• 1 1/4 cups cold water
  • Combine cornstarch and baking soda in a saucepan over medium heat.
  • Stir in cold water, slowly. The mixture should be smooth.
  • Knead the mixture when it is warm or cooled. Add food color or dye at this stage if desired. Work the color into all parts of the clay for an all-over color or partially for a two-toned design. The clay is now ready to be shaped and then baked in the oven.
  •  Or, here's another recipe that- while a little more difficult- appears to have better reviews:

  • 1. Combine in a Teflon-coated pot:
    • 1 cup polyvinyl acetate glue such as Elmer's Glue-All
    • 1 cup cornstarch
    • 2 tablespoons Vaseline oil (not jelly) - if unavailable where you live, substitute baby oil or pharmaceutical grade mineral oil
    • 1 tablespoon lemon juice.
  • 2. Cook on low heat stirring constantly for 10 minutes or until dough forms and begins to come away from the sides. If you have a gas stove, you may need to use a heat diffuser under the pot to avoid burning the dough.
  • 3. Remove from heat and allow to cool until you can handle it.
  • 4. Knead into a smooth clay consistency.
  • 5. Store in a cool, dark place as noted in tips above.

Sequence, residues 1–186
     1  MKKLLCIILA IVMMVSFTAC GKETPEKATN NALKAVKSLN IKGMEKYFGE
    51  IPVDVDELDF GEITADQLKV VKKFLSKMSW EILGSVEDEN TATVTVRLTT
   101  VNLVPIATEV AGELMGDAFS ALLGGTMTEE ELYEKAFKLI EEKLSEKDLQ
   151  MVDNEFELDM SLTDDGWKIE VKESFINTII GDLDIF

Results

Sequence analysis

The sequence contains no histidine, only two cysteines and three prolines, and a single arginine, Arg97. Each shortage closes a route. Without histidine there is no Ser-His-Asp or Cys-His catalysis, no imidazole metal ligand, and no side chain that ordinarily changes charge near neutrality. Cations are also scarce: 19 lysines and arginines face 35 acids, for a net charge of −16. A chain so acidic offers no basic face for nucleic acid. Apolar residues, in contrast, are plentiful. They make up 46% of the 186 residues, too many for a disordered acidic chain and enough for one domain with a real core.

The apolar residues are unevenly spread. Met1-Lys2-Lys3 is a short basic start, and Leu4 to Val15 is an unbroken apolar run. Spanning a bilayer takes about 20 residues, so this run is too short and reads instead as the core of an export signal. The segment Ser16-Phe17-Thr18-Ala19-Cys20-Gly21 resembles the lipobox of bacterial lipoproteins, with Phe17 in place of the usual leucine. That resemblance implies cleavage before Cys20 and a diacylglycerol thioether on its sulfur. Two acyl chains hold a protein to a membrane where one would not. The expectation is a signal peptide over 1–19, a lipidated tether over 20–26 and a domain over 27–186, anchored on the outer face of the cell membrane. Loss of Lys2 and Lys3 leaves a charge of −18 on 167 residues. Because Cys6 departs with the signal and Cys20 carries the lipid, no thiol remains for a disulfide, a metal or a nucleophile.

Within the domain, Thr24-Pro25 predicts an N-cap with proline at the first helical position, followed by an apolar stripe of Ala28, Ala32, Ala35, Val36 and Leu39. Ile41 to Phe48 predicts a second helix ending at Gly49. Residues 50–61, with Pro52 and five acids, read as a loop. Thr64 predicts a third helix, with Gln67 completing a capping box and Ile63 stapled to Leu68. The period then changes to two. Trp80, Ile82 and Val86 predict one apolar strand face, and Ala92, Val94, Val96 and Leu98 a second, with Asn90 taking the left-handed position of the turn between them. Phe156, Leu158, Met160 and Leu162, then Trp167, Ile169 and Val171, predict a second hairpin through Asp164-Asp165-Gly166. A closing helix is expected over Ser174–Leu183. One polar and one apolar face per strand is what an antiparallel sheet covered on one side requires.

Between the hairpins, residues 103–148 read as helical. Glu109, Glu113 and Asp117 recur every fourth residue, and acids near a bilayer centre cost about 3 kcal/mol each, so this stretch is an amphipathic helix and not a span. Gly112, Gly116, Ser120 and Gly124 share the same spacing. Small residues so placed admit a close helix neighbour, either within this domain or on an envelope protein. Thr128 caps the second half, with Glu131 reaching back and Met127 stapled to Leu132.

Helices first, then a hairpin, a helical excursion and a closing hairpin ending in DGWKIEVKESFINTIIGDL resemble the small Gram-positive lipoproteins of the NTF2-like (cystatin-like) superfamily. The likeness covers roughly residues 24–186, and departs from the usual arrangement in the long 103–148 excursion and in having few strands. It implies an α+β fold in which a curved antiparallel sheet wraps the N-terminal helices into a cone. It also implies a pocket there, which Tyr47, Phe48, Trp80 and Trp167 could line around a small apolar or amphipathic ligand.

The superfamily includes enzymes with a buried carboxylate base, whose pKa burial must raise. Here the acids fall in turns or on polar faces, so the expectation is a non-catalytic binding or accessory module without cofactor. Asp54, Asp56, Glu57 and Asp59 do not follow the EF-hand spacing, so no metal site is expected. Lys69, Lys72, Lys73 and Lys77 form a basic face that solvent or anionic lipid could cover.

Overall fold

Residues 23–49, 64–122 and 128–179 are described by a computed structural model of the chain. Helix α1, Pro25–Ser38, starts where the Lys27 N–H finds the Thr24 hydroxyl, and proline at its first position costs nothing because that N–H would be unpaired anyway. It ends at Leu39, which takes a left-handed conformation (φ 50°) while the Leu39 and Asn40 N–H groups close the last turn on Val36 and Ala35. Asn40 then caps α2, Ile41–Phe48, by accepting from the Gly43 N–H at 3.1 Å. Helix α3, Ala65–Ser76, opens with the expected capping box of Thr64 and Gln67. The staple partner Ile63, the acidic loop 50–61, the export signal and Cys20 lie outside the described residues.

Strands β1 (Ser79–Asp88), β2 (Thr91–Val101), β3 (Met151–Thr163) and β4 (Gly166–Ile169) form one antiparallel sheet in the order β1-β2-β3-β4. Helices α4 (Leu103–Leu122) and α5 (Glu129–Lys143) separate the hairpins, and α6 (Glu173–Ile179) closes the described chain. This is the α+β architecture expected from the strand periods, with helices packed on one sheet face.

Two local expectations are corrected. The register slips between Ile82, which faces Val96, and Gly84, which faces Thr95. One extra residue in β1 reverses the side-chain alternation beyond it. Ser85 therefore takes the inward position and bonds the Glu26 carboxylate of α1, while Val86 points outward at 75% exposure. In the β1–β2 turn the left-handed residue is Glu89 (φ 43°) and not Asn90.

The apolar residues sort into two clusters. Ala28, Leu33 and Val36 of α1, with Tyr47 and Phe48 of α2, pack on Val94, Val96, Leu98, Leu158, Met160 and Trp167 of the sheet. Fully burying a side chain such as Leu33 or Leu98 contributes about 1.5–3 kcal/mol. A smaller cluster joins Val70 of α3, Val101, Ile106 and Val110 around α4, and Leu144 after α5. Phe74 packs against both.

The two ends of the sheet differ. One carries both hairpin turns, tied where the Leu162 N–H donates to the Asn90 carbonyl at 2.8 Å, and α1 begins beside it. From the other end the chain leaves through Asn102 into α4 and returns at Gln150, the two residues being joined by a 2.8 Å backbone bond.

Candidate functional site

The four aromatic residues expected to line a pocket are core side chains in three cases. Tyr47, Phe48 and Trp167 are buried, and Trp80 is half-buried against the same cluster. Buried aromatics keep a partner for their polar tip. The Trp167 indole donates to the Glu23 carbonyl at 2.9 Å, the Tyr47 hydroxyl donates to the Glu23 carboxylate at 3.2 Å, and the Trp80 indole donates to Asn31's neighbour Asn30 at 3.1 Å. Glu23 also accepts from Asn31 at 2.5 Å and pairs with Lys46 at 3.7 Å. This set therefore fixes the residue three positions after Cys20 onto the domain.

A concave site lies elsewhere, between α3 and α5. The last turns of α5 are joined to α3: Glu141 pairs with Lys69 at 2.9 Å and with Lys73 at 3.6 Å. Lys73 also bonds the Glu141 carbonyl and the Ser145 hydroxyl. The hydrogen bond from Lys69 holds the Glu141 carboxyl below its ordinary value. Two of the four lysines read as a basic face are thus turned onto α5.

• 6. Tempura powder or acrylic paints may be used for coloring the dough.

  • This also warns to expect shrinkage of around 30% so make these a little bigger than you'd like them to be. When dry and cooled be sure to use a clear varnish to add extra protection from the elements. Felt could also be used with hot glue to attach to the dowels though I'm honestly not sure which would last longer. Not feeling creative? You can buy snowman kits online.

    Here are some more ideas for the snowman parts that could also be glued to dowels for more kit ideas!

    Snowman eyes can be made out of:
    • Felt
    • large craft store buttons
    • rocks painted however you'd like
    • clay
    • coal
    • nuts
    Snowman noses can be made out of:
    • fake carrots from the craft store
    • clay carrots
    • a painted cone shaped block
    • painted rocks
    • coal
    • large buttons
    • nuts
    Snowman mouths can be made out of:
    • felt
    • clay
    • painted rocks
    • coal
    • nuts
    Snowman arms can be made out of:
    • brooms
    • branches
    • shovels
    • snow
    • spatulas
    • Don't forget the mittens!
    Store these in a pretty box with different scarves and hats- scarves can be made by simply using a long piece of felt and both hats and scarves can be bought really cheaply at thrift stores and yard sales. You could use a mop head or icicles for hair if you wanted. You can even (very carefully) make your snowman upside down! Once I saw a picture of a snowman made around a bicycle so that it looked like it was riding the bike.

    The ideas are endless, have fun and take pictures so that you can remember the good times!

    Snow Activities for Children

    It doesn't look like we're going to get to see snow this year. It sort of flurried the other day but it was one of those snows where you had to be in it and paying attention to notice. I was really looking forward to snow. The older the kids get the more I want to get them out in it, doing activities. I've got lots of ideas for snow activities and I thought I'd share them here with you.

    Snow Painting: